I freakin love emojis and I’m so happy that Logic World can now display them. Eventually, I want to display colored emojis with Twemoji. However, I need to wait for TextMeshPro (Unity’s advanced text rendering system) to properly support colored glyphs. In the meantime, Google’s Noto project has released a full set of uncolored emojis. TMP has no problem rendering them, since they’re just regular uncolored glyphs, and in my opinion they look pretty good, so we’re now using them in Logic World.

In addition:

  • 46 new written scripts are supported! These are mostly historical writing systems like Mayan numerals or Old Hungarian.
  • Miscellaneous fixes for how the game displays Arabic and Adlam scripts (these and other RTL scripts are still not properly displayed as right-to-left, but will be soon!)
  • Added an option to display CJK characters in the Hong Kong style (in addition to the existing options of Traditional Chinese, Simplified Chinese, Japanese, and Korean)
  • Updated Font Awesome to 6.1.2, with over 7,000 new icons!

Most video games will give you tofu (□) if you try to type esoteric characters. I’m proud that, to an ever-increasing extent, if it’s supported by Unicode, it’s supported by Logic World.

Fixing Bugs by Fixing Points

If you’ve built a large complex structure in Logic World, you’ve probably run into this issue: past a certain depth of parent-child component relationships, positions and rotations start to get screwy. Even before things entirely break down into nonsense, the components aren’t perfectly lined up, which causes all sorts of issues while building.

This issue has plagued many a Logic Worlder, and this week I FIXED IT!!!

Here’s how I did it. Turns out it actually takes a lot of work to make a video game work in the way you would intuitively expect it to.

Switching to fixed points for positions

The imprecision issues are caused by the inherent imprecision of [floating point numbers], also known as “floats”. As you continue to manipulate floats, the tiny imprecisions compound on each other until they’ve built up to noticeable levels.

I’ve switched component positions to using fixed points, which have a specific and constant level of precision (in this case, one millimeter). You can manipulate fixed point numbers as much as you like, and they will never lose precision – unless you have to round them…

Smart and consistent rounding for rotations

Positions in 3D space are pretty straightforward, and it was relatively simple to switch them to fixed points. However, rotations in 3D space are really bloody complicated. I am not nearly smart enough to use fixed points in a rotation matrix.

Thankfully, it doesn’t seem to be necessary here. The game now rounds component rotations (to the nearest 0.1 degrees along each 3D axis) at two points: when assigning a new local rotation relative to the parent component, and after calculating the cumulative rotation from the whole stack. As you can see in the video, this rounding keeps the rotations nicely aligned.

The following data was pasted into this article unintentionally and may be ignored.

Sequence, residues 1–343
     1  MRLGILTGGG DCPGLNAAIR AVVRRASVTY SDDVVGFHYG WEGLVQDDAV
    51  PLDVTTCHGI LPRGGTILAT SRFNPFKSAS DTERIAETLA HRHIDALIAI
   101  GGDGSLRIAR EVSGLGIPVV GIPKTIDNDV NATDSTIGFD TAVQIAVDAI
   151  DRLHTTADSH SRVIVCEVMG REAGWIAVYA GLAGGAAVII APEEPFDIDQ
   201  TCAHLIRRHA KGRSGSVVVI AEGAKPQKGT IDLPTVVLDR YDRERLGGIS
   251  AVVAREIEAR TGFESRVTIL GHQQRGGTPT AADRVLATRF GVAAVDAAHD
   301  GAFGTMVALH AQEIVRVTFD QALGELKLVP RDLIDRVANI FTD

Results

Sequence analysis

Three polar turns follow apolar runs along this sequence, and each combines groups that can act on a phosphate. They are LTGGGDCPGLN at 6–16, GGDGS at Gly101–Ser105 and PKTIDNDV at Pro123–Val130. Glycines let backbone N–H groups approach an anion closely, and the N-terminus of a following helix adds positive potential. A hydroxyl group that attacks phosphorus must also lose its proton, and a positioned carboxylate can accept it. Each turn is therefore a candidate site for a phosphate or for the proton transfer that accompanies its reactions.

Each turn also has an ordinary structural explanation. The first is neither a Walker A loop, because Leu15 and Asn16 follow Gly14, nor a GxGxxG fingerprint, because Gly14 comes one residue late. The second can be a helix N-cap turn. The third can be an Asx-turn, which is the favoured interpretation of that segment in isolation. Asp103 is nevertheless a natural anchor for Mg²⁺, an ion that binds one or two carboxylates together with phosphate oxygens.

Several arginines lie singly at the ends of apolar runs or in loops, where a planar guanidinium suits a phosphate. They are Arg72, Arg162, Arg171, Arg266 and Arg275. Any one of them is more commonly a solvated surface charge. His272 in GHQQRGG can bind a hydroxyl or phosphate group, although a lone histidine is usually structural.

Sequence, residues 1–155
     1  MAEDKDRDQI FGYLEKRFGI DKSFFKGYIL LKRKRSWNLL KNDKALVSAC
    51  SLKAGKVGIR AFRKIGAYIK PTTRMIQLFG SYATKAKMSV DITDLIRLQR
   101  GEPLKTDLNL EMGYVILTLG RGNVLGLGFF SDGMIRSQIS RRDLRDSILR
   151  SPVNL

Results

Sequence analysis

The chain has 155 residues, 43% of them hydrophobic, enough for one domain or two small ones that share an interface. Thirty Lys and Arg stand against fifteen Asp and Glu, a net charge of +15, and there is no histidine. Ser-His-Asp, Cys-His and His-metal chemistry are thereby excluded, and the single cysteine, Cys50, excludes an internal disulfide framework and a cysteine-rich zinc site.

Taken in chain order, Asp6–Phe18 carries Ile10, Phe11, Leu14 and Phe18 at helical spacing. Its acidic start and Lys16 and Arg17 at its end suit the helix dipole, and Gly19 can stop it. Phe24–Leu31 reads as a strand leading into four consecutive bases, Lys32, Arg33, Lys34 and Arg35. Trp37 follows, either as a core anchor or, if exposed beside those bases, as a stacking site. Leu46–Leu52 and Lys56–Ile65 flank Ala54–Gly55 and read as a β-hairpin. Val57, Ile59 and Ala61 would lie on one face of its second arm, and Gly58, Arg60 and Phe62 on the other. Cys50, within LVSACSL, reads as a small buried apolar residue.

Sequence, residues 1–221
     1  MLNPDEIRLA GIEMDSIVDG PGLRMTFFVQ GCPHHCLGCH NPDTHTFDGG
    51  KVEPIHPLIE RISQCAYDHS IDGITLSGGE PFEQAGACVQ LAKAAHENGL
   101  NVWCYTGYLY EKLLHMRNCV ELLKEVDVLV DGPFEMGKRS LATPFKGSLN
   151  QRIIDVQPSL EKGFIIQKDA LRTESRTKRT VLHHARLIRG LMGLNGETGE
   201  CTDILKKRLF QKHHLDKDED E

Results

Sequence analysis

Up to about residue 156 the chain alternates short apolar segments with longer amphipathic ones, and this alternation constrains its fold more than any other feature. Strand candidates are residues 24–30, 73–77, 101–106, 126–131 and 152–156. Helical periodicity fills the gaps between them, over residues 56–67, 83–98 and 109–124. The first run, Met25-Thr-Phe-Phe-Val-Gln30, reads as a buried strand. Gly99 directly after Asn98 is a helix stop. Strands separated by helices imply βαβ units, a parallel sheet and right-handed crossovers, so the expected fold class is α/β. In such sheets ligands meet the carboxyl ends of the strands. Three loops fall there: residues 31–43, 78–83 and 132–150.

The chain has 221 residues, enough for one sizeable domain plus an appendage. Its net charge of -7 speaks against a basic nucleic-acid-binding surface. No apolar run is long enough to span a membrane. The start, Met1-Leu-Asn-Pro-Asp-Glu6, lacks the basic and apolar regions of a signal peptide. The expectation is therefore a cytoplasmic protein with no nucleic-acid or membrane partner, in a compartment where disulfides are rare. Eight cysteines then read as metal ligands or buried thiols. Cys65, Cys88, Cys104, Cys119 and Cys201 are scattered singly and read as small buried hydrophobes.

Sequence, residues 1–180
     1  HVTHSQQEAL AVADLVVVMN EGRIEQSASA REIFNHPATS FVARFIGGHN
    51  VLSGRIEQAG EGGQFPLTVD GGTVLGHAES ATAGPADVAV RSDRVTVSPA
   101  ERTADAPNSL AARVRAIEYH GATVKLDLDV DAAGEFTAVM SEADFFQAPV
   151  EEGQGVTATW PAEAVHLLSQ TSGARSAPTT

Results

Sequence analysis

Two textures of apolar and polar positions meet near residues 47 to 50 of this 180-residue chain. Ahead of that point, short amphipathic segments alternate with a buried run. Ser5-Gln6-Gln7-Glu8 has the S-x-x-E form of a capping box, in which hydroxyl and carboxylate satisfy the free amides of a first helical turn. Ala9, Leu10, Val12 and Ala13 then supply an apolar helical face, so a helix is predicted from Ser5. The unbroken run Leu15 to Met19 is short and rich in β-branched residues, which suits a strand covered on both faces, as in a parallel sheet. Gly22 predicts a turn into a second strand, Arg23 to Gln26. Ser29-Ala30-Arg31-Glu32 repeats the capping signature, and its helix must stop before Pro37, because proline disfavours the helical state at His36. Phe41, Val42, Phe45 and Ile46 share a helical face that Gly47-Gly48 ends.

Root reference frames

With the previous two changes implemented, I was still noticing a very very slight imprecision that built over time and nesting depth. However, this only occurred when the root component of a stack was not aligned with the world axes (i.e. placed on a Grasslands ground).

The disadvantage of fixed point positions is that you have to round them to their precision level (in this case, one millimeter). You can’t have a component at 420.69mm along the X axis; that number must be rounded to 421mm. This usually isn’t noticeable, since every component in Logic World has dimensions in a whole number of millimeters, and almost every connection between components is at a right angle, so all components stay precisely aligned with the millimeter-scale grid. However, when components are rotated at non-right angles, they get pushed off of the millimeter grid. Their fixed-point positions, then, needed to be rounded, and these rounding imprecisions very slowly accumulated.

I’ve fixed this issue by making components track their position and rotation not relative to the objective reference frame, but within the reference frame of their root component. Since component connections are almost always right angles, a component’s position within the root reference frame will stay aligned with the millimeter grid and not accumulate imprecisions due to rounding errors. After calculating its position/rotation within the root reference frame, the rotation of that frame can then be applied to find a position/rotation within the objective reference frame.

Shout out to PseudoGoose, who suggested this solution to me when we were discussing the problem some months ago :)

Thanks for being here. Thanks for caring about my crazy little video game that I love so much. It’s good to be back. I’ll see you next Wednesday.

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@Vykori1 year ago


yayyyyyyyyyy .



ok with that out of my system, I’m also quite excited for those future 3 optimizations you mentioned. Culling of instanced rendering, unity update, and custom colliders <3

this post has kinda rejuvenated that feeling I had.. that “This is the game I would make if I made games” feeling.

@JimmyDeveloper1 year ago

Haha, that’s very sweet!

Indeed, we’ve got lots of very ambitious optimizations planned for beyond 0.91. The game will get ever faster and faster!